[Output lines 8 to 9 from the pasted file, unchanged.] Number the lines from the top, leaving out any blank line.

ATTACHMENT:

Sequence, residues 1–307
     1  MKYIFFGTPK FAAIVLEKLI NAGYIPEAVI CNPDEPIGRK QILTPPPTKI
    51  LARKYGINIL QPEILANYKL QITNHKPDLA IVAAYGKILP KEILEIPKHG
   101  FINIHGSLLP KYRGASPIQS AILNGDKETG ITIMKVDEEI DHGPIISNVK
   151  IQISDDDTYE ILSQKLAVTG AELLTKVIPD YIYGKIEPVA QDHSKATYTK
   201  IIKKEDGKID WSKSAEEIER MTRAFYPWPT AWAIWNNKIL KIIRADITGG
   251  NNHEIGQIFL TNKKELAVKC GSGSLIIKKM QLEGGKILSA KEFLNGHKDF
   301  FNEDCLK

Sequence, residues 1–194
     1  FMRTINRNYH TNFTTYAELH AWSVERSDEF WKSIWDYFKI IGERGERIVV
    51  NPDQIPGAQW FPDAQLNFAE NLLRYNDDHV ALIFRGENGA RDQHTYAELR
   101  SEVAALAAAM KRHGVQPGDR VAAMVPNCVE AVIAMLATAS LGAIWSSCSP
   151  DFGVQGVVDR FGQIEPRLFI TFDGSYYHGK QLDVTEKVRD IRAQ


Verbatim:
   301  FNEDCLK

Sequence, residues 1–194